Personally, I love language. It can be empowering, but it can also be a weapon of tyranny. When I was 18 I went to France with my family. A bum on the streets of Paris came up to my parents and started asking them for money. Not being able to speak French, my parents were at a loss. The vagrant got angry with them and started berating them and “les Americains stupide.” I was a fairly sheltered teenager, and I was just as frightened as my parents until the guy started talking about how American tourists were invading his country and couldn’t even speak the language. At that point, I got mad. And I realized I could speak his language, and I could use it to berate him just as he was berating us. So I did. I told him off, not with a swear word, but by using the informal French “you,” a usage that I knew would linguistically reduce him to an animal. And this big, street-wise, intoxicated jerk gave up and took off. In the face of a size 6, 18-year-old girl. I know language, and I know how to use it. And when I hear people insisting on immigrants speaking English or making students learn grammar rules, I know what those people are really doing. They’re asserting their superiority. I know because I’ve done it. Whenever someone makes me mad, I use words like daggers. I start pulling out every multi-syllabic vocabulary word, every convoluted sentence structure I can think of, and I’ll correct every split infinitive and every improper verb form my opponent uses. I don’t do it often, though, because it’s rude. I never correct my friends’ e-mails to me; I don’t often correct my husband or my kids’ speech. Language should bring us together, not enforce some kind of linguistic caste system.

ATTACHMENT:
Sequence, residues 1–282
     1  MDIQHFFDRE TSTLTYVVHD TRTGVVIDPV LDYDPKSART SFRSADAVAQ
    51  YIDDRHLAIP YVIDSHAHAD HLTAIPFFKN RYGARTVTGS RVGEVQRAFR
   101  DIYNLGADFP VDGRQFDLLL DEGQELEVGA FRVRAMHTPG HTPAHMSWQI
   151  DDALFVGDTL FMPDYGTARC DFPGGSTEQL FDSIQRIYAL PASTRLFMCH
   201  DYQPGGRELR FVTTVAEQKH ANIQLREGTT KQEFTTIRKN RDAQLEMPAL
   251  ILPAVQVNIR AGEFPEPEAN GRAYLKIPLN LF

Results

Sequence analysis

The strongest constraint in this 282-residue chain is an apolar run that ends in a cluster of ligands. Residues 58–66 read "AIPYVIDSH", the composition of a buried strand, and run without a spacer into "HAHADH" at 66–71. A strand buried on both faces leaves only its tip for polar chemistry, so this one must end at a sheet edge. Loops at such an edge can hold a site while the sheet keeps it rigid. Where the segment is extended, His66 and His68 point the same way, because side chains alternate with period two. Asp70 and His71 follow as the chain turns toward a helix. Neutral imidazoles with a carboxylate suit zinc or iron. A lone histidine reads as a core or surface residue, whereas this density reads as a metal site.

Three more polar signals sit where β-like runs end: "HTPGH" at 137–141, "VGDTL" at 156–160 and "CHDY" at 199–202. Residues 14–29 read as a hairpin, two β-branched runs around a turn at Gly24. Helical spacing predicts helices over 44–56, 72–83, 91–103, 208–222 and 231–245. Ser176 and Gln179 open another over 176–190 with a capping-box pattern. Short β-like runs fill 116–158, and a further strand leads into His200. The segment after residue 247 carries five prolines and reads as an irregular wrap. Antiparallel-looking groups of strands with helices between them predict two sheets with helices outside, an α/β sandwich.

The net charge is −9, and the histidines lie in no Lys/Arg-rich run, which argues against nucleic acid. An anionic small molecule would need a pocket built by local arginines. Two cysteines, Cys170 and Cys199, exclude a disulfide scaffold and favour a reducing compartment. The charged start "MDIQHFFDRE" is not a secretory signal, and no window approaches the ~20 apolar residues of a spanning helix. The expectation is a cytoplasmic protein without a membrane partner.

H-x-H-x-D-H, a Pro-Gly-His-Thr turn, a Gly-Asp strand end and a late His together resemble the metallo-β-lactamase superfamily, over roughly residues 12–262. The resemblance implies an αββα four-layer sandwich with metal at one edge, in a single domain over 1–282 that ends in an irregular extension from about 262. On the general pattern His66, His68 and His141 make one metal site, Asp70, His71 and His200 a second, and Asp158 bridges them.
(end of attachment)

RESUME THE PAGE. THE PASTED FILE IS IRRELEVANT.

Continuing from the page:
Making English the “official” language of the U.S. won’t keep smart companies from offering their websites, marketing materials and forms in other common languages. Just as making homosexual marriage unconstitutional hasn’t stopped companies from offering same-sex partner benefits, outlawing Spanish, French, or any other language will not stop corporations from doing whatever they need to do to make money.
This is rambling, I know. Like I said, I think about language a lot. And it is important. After all, no matter what they say on the playground, words can hurt just as badly as sticks and stones.